By Stephanie Cavanaugh
THE FERNS by the small backyard pond are ravishing this year. Planted a few seasons ago, they grew from a patch of pleasing frills to a leggy frond border that sprawls across the water, nearly reaching the other side (not a big reach), like a lacy bridge. While the fern cuts the expanse of water, it gives the pond a stronger presence, and a more realistic one than you might expect from what is, in fact, a rubber tub.
They’re lovely in the sun, reflecting cool above the black pond; the handful of goldfish that have escaped the raccoon flit and glint about. The ferns are just as charming in the rain, a moody mini meadow. While I’d prefer a swimming pool, even a trough to wallow in in the heat, just looking at ferns is cooling, like a bit of forest, if you’ve got blinders on.
I don’t think we bought these ferns, which I suspect are some variety of maidenhair. I imagine they arrived thus: We’re driving along a country road and I yell Stop and My Prince hops out of the car and (with who knows what, since we don’t normally travel with a pick and shovel) manages to unearth a clump. We then return home and I wave my arms about over the pond and he digs a fine hole.
There are other ferns spotted about the back garden. A fine upright asparagus fern, planted in a small urn, is flinging delicate foliage. A Mother’s Day gift from My Prince, it can grow six feet this way and that, if I give it more room. Scattered about are large pots of the more usual drooping sort of asparagus fern, which is great as a filler in the ground and in containers.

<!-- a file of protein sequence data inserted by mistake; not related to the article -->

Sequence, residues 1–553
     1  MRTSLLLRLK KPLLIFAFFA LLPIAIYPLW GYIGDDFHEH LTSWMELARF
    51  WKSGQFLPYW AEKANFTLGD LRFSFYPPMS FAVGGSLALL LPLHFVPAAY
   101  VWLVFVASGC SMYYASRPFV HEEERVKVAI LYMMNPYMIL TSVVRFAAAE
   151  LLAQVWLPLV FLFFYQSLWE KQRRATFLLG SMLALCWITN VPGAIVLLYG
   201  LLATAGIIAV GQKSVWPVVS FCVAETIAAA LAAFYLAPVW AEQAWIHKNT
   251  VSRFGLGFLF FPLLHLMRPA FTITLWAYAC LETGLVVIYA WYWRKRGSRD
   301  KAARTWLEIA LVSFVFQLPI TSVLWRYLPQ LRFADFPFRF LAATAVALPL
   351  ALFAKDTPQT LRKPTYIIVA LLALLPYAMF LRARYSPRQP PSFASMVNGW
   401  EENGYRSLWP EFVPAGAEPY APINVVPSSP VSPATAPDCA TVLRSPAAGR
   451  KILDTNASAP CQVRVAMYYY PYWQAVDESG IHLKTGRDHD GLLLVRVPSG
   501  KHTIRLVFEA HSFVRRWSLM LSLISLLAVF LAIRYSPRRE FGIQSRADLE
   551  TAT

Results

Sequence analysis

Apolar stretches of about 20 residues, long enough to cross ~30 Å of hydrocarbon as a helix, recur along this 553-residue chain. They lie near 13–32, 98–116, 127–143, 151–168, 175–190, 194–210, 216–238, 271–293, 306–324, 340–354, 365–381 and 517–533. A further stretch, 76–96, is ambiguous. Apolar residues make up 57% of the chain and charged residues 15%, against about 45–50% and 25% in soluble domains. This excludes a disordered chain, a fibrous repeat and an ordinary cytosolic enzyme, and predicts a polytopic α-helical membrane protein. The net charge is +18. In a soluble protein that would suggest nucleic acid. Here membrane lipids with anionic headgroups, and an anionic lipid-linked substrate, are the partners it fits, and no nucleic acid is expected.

My hanging Boston ferns are coming back, one more rapidly than the other, who knows why. These are such a nuisance to winter over, demanding water and then leaking all over the solarium floor. If I had my druthers I’d ditch them each fall and buy new each spring, but My Prince likes to nurse them back to health, which sometimes works.
We’re lucky enough to have a smidge of sun here and there, so the ferns by the pond make a hedge for a hibiscus and a new pittosporum which, with any luck, will grow from a tidy mound to a well-rounded shrub, flowering in springtime with tiny orange-scented blossoms—not a showpiece flower, rather one that tantalizes with scent strong enough to delight the back porch, not overpower the spaghetti bolognese, should we be eating outdoors.
For those with really dense shade, ferns can be the entire show. There’s a small front garden a few blocks away that is shrouded by a giant evergreen tree, under which tiers of maidenhair fern put on a showy display throughout the year, layering down the slightly sloping front yard to the stone retaining wall. One needs nothing more to enchant a spot that’s so devoid of sunlight that few plants have the wherewithal to grow.
Ferns also lend themselves brilliantly to flower arrangements, as a nest for blossoms or standing on their own. Treated well, they’re far from the ho-hum ferns usually stuck in gift bunches. Soft, light green Lady Ferns and the particularly hardy Male Ferns can grow three to five feet. Pull the lower leaves so you have a naked stalk, arrange in a tall vase, and poof! An extravagant display for the foyer that will last for weeks. Shorter stems are delightful in small vases and containers, such as empty perfume bottles: Set them on the dining table or the mantel, intersperse with tea lights, and you have a miniature indoor garden.
Generally, ferns are trouble free, and multiply like weeds with minimal care. Water, mulch, that’s about it. You can hack apart a large clump in spring and plant the pieces without worry. The Wild Seed Project has growing tips (if you insist) and photos of several varieties. If you’re after rare beauties, Plant Delights in Raleigh, North Carolina, should have quite a few to tickle your fancy. Open only occasionally to the public, this online nursery specializes in rare, unique and native plants—and has a wonderfully witty catalogue that reads like J. Peterman for the garden muckabout.